A hungry man is an angry man
José María Sumpsi Viñas, FAO Assistant Director-General, highlights some of the new ways that food could become a security issue in the light of the emerging food crisis.
The world food situation is rapidly being redefined. Serious riots and protests such as the ones in cities from the Caribbean to the Far East demonstrate the potential for political instability that this brings.
There is currently a trend of unprecedented increases in food prices and import bills for the poorest countries, coupled with diminishing food stocks. This has created many political, security, humanitarian, socio-economic and development-related challenges - quite apart from the immediate hunger needs.
In the last few weeks the world has rapidly taken note of the seriousness of these challenges and a range of proposals have started to emerge.
Given this issue’s complexity, policymakers face a tricky balancing act between the urgency of responding to the immediate problems, and taking enough time to adequately understand and analyze the challenges and the potential consequences of their actions.
In some instances, further clarity and system-wide agreement are needed on the way forward. We need to review the demand and supply drivers of higher food prices, its impacts and the likely threats.
But this situation also presents both challenges that are already evident, and opportunities that may not be.
The main immediate challenges include:
- outbreaks of food-related protests and insecurity;
- greater food insecurity with increased cases of acute malnutrition requiring emergency intervention;
- increased costs for food imports, food aid and food assistance programmes and;
- national government use of price controls, export bans and the elimination of import tariffs.
Possible opportunities include:
- potential benefits to farmers;
- innovative developments in the food aid system; and
- beneficial shifts in agricultural trade policies.
The most alarming, immediate consequence is the increased social and political food-related unrest in many countries. This risk is particularly high in countries emerging from violent conflict, where fragile security and political or economic progress is easily derailed.
In some cases, stabilisation efforts could be undermined, peacekeeping missions come under pressure to support government efforts to quell riots, and international staff and their facilities (such as food warehouses) become targets.
Quite apart from the immediate security response, such as seen in Haiti, urgent efforts are needed. These include:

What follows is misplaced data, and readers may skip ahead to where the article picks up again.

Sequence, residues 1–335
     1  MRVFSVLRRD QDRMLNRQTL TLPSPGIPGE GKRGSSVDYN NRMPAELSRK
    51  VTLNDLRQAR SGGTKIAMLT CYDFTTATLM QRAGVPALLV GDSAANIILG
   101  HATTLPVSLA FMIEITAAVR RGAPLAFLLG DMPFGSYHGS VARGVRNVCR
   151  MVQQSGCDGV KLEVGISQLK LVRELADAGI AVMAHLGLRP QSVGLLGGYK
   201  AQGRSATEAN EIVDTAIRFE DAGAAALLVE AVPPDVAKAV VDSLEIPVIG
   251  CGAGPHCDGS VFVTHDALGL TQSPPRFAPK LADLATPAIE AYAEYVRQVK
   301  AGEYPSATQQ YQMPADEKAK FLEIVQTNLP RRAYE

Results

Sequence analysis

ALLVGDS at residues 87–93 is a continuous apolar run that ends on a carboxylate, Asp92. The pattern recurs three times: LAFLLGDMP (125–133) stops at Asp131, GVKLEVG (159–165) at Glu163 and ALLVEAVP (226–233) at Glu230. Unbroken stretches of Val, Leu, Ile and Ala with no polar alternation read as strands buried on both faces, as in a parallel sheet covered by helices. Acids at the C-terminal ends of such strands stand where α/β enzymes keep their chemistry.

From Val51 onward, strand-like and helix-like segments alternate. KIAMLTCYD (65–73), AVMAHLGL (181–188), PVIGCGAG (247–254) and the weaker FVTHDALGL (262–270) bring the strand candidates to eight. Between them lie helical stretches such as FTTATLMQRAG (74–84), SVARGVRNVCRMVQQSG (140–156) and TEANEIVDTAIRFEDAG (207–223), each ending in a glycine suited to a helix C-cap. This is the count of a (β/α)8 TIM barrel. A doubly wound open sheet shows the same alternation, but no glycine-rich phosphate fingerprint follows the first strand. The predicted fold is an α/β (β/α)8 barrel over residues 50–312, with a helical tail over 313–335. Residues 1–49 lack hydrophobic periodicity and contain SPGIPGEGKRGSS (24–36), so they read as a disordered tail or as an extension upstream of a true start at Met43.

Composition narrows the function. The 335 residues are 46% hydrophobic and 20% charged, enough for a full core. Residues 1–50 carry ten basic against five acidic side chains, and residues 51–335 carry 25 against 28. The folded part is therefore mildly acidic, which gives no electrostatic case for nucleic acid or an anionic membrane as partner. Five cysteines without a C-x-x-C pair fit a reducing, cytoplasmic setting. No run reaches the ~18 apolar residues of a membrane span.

- factoring food-related unrest into conflict early warning systems;
- integrating food security into peace-building;
- preparing contingency plans;
- monitoring food markets and prices (especially in urban areas); and
- considering how agencies and peace-building missions could better cope with mass riots.
We could also investigate the deployment of surge capacity teams with expertise in how to respond to these complicated events.
Food for emergency distributions is not only urgent, but becoming increasingly expensive - which undermines the international response. The World Food Programme has already requested an additional $750 million, at the time of writing, to meet its already assessed projects for 2008 - a sum which continues to rise. Additional funds to support food and transport costs will be needed from numerous organisations and agencies, just to maintain current levels of assistance.
If the problems continue as predicted, extra needs could easily run into billions of dollars on the humanitarian side alone. It is not clear where these additional resources could come from, nor what effect this might have on other humanitarian needs. Many of the world’s most vulnerable people who depend on external food assistance may well face reduced or curtailed rations. The donor community must be ready to provide significant extra resources and, together with the food aid and assistance community, to tackle serious issues about priorities.
The UN system must urgently improve needs assessments and vulnerability analysis as well as working with governments to develop effective safety nets. These could be food vouchers or cash transfers, school feeding, employment or nutrition programmes, insurance schemes - as long as they protect vulnerable populations.
In the near to longer term, poor rural producers need to be helped to expand their production and seize the opportunity offered by higher commodity prices. Cereal production by Low Income Food Deficit Countries (LIFDCs) - excluding China and India - actually declined by 2.2 per cent in 2007, just as international prices were rising. Yields in many of these countries continue to be much lower than the rest of the world. This is because they lag behind in the use of fertilizers, high yielding varieties, irrigation, integrated nutrient and pest management, and conservation tillage.
The FAO has already taken steps to respond to soaring food prices. In December 2007, it launched an initiative to support governments in the most-affected countries to enhance agricultural supply. Work on this initiative is being carried out in partnership with the World Bank, regional institutions, other Rome-based agencies and national governments to identify urgent investment needs in agriculture.
Just as this initiative involves working in partnership to help farmers produce what they want and need, so the security community can work together with other areas to ensure that this issue is addressed and contained.
By doing this, food can be prevented from snowballing from a major humanitarian issue to a significant security one.
José María Sumpsi Viñas is Assistant Director-General, Technical Cooperation Department, at the UN’s Food and Agricultural Organization.